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9 Parental Behavior Management Strategies

9 Parental Behavior Management Strategies
In: Business

Managing a child’s behavior is one of the most difficult challenges you may face as a foster carer. Coming from a troubled home, many foster children may exhibit disruptive behaviors when placed with a new family, which can be difficult to manage.

However, with the right strategies, a positive attitude, and ongoing support from your Supervising Social Worker, you should be able to manage, and eventually develop, the behavioral habits of the children in your care, putting them on the path to developing important life skills and a positive and fulfilling future for themselves.

This guide provides 9 behavioral management strategies that you can use at home to provide consistent, fair, and effective parenting.

1. Follow the behavior management ABCs

To better understand where misbehavior arises, psychologists developed the ABC Behavior Chart, which takes into account behavioral triggers, actions to combat misbehaviour, and the consequences of such behaviour. The ABC in this model stands for:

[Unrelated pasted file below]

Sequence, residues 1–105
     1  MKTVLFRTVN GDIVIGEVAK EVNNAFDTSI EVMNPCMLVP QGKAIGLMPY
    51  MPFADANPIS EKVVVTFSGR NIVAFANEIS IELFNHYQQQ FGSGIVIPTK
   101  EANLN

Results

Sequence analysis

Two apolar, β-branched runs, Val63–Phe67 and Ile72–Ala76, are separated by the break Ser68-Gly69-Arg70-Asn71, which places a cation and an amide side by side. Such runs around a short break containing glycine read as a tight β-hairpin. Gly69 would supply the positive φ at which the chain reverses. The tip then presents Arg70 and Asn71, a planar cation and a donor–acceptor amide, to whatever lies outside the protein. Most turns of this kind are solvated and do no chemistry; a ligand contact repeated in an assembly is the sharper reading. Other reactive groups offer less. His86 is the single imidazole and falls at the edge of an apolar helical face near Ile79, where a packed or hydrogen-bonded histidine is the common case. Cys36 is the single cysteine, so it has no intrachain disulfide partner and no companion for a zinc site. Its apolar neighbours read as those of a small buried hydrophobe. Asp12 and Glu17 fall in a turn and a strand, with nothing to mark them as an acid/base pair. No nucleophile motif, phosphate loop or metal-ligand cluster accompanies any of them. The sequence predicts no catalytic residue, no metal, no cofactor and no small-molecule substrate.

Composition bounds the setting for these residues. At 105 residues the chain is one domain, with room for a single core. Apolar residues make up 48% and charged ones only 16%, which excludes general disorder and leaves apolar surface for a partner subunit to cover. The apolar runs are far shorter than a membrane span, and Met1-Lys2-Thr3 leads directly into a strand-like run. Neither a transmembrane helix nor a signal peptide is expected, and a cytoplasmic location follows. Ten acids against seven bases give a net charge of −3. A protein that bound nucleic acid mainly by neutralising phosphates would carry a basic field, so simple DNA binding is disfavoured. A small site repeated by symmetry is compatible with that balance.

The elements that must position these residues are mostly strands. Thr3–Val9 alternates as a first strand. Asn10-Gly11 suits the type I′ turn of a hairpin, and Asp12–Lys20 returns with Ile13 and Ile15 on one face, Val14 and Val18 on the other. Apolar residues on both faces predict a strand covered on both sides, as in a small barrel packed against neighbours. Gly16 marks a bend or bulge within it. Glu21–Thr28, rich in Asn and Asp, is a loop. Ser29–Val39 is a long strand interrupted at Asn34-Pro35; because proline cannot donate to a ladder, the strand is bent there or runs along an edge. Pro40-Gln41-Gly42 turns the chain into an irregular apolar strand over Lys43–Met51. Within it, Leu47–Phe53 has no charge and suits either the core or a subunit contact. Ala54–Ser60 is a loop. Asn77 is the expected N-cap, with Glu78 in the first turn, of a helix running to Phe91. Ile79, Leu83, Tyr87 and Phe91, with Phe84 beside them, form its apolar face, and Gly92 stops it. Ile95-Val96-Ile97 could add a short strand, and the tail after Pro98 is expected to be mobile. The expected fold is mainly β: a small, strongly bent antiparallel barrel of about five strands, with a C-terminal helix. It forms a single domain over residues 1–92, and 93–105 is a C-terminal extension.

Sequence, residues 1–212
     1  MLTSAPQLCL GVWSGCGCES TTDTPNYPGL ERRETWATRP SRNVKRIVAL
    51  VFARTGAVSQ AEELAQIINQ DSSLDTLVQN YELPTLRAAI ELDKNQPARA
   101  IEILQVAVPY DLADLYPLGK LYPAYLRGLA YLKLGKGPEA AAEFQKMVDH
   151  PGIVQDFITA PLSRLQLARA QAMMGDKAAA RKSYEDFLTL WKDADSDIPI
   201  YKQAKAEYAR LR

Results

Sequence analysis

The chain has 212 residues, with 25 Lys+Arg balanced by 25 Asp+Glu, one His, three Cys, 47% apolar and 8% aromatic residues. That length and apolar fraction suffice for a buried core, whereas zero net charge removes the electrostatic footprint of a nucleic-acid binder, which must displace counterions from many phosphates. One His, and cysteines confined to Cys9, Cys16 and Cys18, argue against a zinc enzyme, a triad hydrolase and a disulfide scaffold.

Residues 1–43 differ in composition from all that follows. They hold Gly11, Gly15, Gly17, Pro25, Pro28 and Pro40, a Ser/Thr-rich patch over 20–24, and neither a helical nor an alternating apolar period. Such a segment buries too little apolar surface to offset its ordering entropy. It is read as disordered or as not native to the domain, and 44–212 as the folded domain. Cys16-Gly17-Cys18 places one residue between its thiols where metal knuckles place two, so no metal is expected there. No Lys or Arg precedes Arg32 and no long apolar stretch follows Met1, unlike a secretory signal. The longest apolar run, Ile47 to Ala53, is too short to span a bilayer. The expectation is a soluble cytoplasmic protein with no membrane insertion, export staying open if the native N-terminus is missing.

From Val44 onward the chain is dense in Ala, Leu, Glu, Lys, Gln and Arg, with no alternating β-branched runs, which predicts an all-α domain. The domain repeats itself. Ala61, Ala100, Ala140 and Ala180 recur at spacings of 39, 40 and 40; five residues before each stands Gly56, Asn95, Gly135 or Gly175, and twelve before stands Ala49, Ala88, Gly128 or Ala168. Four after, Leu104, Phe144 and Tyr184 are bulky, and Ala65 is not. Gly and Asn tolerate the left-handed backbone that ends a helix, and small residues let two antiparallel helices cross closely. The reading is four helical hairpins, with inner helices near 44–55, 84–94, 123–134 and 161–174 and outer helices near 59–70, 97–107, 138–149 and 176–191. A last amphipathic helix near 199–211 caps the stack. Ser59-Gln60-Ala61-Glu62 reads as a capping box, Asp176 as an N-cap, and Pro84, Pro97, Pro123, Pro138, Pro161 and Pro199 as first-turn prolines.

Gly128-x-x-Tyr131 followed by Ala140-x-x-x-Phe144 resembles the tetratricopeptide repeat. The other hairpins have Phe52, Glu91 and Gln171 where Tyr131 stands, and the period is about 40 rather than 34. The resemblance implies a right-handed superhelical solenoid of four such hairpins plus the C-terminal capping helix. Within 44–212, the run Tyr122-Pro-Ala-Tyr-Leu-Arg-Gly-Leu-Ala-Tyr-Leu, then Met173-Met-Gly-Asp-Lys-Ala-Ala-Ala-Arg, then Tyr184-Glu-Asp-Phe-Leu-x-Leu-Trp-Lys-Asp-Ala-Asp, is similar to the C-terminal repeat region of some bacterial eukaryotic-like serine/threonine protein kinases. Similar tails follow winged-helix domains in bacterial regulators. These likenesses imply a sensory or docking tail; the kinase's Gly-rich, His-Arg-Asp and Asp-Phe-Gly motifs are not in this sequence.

• Antecedents are the factors that influence a child’s behaviour and are also known as triggers. An antecedent in the case of a foster child could be a neglectful upbringing or bullying, which has directly led to bad behaviour. Understanding a child’s family history will help you recognise their triggers and devise a strategy to deal with them.
  • Behaviours – The B represents the behaviours you want to encourage or discourage, such as cursing or hitting. There are numerous strategies for encouraging specific behavioural changes, which we will discuss further below.
  • Consequences – The positive or negative consequences of a child’s behaviour that immediately follow an outburst. Both you and the child must be clear about the consequences of misbehaviour, and you must act quickly to ensure consistency.